Responsibilities of joint controllers

Can a joint controller be held liable for non-compliance?

Yes. Individuals can seek compensation from joint controllers in exactly the same way as from any sole controller. Each joint controller will be liable for the entire damage caused by the processing, unless it can prove it is not in any way responsible for the event giving rise to the damage. The arrangement made between controllers is irrelevant for these purposes.

If as a joint controller you have had to pay compensation to an individual but were not wholly responsible for the damage, you may be able to claim back from another controller or processor the share of the compensation for which they were liable.

In addition, joint controllers are each fully accountable to the Information Commissioner for failure to comply with their responsibilities.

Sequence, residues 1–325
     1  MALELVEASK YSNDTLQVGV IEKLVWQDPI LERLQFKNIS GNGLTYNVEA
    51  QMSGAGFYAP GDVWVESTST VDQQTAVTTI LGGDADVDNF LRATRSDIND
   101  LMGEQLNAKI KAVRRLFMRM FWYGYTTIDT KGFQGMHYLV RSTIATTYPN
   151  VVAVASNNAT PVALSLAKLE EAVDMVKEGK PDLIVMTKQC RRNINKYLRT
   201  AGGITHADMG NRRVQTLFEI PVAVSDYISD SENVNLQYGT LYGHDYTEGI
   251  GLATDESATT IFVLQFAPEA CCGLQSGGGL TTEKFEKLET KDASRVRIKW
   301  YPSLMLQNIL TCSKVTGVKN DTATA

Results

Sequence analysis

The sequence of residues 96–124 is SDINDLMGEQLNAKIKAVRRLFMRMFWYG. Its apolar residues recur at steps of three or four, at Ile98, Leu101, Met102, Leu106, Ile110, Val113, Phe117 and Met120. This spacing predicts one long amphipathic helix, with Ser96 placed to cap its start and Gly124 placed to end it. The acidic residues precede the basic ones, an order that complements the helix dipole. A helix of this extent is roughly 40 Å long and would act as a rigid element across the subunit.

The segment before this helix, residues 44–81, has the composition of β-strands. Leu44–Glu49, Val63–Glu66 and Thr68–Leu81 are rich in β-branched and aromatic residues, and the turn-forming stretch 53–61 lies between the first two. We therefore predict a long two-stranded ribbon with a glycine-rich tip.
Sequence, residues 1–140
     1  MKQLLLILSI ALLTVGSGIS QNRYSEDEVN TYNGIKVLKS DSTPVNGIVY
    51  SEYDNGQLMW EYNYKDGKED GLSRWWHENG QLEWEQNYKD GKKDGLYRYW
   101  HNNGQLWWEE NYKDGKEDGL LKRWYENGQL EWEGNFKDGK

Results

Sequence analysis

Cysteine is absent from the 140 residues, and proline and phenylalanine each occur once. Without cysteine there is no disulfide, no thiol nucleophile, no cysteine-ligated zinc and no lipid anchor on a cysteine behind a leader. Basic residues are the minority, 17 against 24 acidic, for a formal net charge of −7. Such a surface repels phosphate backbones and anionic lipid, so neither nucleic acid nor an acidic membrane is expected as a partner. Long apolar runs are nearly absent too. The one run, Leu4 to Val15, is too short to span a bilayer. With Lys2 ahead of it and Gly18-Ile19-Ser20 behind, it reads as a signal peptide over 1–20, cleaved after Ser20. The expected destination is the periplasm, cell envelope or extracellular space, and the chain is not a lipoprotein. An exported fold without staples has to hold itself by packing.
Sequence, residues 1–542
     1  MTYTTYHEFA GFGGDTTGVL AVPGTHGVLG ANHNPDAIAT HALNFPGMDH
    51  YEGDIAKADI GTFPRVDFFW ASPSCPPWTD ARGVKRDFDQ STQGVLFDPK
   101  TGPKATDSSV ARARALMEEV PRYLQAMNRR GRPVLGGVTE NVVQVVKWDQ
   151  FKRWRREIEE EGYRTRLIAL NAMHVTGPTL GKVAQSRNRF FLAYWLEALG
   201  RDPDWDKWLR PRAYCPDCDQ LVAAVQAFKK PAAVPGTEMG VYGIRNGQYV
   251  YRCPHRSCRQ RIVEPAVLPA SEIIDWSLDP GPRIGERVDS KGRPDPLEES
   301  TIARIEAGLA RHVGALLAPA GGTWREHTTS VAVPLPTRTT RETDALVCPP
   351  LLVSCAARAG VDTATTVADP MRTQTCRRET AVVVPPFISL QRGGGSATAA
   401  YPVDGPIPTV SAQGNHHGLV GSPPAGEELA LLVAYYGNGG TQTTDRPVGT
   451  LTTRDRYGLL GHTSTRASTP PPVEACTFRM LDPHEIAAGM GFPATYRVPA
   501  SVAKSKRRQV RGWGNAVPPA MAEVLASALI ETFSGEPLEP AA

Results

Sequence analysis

A luxury car company teams up with a designer fashion brand to host a co-branded promotional event. The companies decide to run a prize draw at the event. They invite attendees to participate in the prize draw by entering their name and address into their prize draw system at the event. After the event, the companies post out the prizes to the winners. They do not use the personal data for any other purposes.

The companies will be joint controllers of the personal data processed in connection with the prize draw, because they both decided the purposes and means of the processing.


A property management company maintains apartments for the landlord. The company enters tenancy agreements with the occupants on the landlord’s behalf and chases any rent arrears. It collects the rent and passes it to the landlord after taking a commission.

The company is a joint controller of the tenancy-related information, including regarding rental payments. It decides what information it needs from the occupants to set up and manage the tenancies but will share this data with the landlord.